Quick Bio: Aileen here, I’m from Co. Kerry and work for Tourism Ireland in Amsterdam. I love cooking, travelling and cycling – I own five bikes, and it’s still not enough! I love getting back home to fresh mountain air and my mother’s brown bread. @aileenverykeen

Two Wheels Good

On top of An Grianán Aileach, Co. Donegal

One of the most noticeable changes I’ve seen on my trips back home in recent years is the number of cyclists you see. On city streets and on country roads, the humble bike is becoming part of the fabric of people’s everyday lives whether for commuting, leisure or sporting reasons. It brings to mind Flann O’Brien’s observation in The Third Policeman: “The gross and net result of it is that people who spent most of their natural lives riding iron bicycles over the rocky roadsteads of this parish get their personalities mixed up with the personalities of their bicycle as a result of the interchanging of the atoms of each of them and you would be surprised at the number of people in these parts who are nearly half people and half bicycles…”

I’ve chosen some of my favourite cycles in Ireland here. The routes are well marked, traffic-free in the main and will give you the chance to spend a few hours in Ireland’s countryside at your own pace. You won’t have any problem renting a bike for any of these routes, and each can be shortened or extended to suit your energy levels.

The Greenway from Westport to Achill, Co Mayo

Following the route of the old Westport to Achill railway (which closed in 1937), you’ll be treated to the longest off-road walking and cycling trail in Ireland. It’s also mercifully flat (well, trains don’t usually go up hills do they?) allowing you to enjoy the varied features on the trail – villages, mountains, sea views, forest and bogland. The route can be completed in one go, or choose a section punctuated by the villages of Mulranny and Newport. I tackled the Mulranny to Achill Island section with some friends this summer and we’ve been raving about it ever since. Wide expanses of sky, sea and stress free cycling – a perfect summer afternoon.

Two Wheels Good

‘Breathtaking views’ The Great Western Greenway

 Slea Head, Co. Kerry
One of the finest coastal drives in Ireland, this 40km circular route takes you west from Dingle town around a stunning peninsula, dotted with white beaches, monastic sites and small villages. It’s possible to do it all in one day, but you won’t regret spending a night on the peninsula – the starlit stroll home from the pub was one of the highlights for me. Get the trip off to the right start by picking up your bike in the inimitable Foxy John’s in Dingle – you’ll pass the bar counter on your left and the hardware counter on your right as you make your way to the bikes at the back!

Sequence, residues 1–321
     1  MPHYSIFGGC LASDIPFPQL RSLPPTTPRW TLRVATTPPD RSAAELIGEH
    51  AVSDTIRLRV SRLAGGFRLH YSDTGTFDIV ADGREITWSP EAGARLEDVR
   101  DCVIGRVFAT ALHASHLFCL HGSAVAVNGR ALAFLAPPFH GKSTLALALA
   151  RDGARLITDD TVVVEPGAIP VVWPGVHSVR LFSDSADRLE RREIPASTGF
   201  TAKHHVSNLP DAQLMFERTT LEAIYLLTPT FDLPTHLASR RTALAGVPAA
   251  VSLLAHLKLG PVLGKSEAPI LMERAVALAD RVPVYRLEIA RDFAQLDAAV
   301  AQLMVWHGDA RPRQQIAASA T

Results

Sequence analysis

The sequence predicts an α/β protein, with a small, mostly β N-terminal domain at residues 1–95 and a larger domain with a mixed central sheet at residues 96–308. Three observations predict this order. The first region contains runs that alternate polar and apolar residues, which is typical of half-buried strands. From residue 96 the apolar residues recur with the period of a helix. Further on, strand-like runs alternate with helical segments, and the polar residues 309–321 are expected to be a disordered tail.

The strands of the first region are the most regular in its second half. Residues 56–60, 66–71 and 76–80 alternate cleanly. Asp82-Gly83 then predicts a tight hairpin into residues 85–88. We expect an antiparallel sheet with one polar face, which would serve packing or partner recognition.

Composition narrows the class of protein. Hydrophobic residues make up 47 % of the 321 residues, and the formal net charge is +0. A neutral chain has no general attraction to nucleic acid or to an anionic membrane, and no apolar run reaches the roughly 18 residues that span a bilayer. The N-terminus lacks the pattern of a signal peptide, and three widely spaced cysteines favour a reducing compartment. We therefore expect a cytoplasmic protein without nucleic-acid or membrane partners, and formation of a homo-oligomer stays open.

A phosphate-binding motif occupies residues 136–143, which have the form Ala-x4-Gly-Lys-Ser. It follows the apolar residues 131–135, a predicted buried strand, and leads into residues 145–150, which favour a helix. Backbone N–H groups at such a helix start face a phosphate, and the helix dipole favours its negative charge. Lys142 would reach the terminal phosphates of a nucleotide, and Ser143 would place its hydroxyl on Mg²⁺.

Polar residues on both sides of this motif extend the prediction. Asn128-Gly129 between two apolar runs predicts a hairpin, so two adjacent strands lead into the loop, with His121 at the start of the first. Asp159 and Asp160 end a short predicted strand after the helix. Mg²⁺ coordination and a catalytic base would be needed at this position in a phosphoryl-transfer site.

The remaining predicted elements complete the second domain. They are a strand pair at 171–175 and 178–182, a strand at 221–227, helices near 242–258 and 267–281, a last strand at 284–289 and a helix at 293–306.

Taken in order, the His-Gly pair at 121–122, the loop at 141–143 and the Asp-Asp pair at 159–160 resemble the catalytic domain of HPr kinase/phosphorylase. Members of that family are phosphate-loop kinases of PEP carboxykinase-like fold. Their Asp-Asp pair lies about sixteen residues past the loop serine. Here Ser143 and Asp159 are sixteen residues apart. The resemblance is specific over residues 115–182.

Two Wheels Good

Taking it all in at Slea Head Co.Kerry

Inis Eoghan Cycleway, Co. Londonderry and Co. Donegal
Taking in two counties, the route connects the River Foyle in County Londonderry to Lough Swilly in Donegal. More than one third of the route is traffic free, and the remainder is along quieter country roads. It’s worth the climb up to An Grianán Aileach where the stunning views takes in Lough Swilly, Inch Island, the Inis Eoghain Peninsula and the Sperrin Mountains. An Grianán is a stone circle temple that dates back to circa 1,700 BC. Pick up your bike in the city of Derry-Londonderry and follow the route anti-clockwise. You’ll be rewarded on your return with a flat traffic-free path that follows the line of the former Great Northern Railway, called the Foyle Valley Greenway.

A holiday for me isn’t complete until I’ve picked up a bike and map. On two wheels you have a great vantage point to take in your surroundings through all your senses, and in glorious 3D and full colour surround sound. When you’re on a bike you’re not just observing the scene, you’re in the scene. It’s easy to see why Ireland is enjoy a cycling renaissance – just beware of those that have exchanged a few too many atoms with their bicycles, as Flann O’Brien goes on to warn us: “when a man lets things go so far that he is more than half a bicycle, you will not see him so much because he spends a lot of his time leaning with one elbow on walls or standing propped by one foot at kerbstones.”


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This feed is for use only on registered Tourism Ireland websites.
The use of this feed on other websites breaches copyright. If this content is not in your news reader, it makes the page you are viewing an infringement of the copyright.
(204.236.179.67) …